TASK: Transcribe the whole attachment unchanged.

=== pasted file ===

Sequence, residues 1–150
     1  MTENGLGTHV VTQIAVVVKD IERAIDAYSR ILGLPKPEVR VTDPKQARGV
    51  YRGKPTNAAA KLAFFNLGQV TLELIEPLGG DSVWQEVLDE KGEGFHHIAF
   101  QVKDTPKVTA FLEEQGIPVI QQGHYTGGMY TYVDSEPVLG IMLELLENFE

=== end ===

Sequence, residues 1–150
     1  MTENGLGTHV VTQIAVVVKD IERAIDAYSR ILGLPKPEVR VTDPKQARGV
    51  YRGKPTNAAA KLAFFNLGQV TLELIEPLGG DSVWQEVLDE KGEGFHHIAF
   101  QVKDTPKVTA FLEEQGIPVI QQGHYTGGMY TYVDSEPVLG IMLELLENFE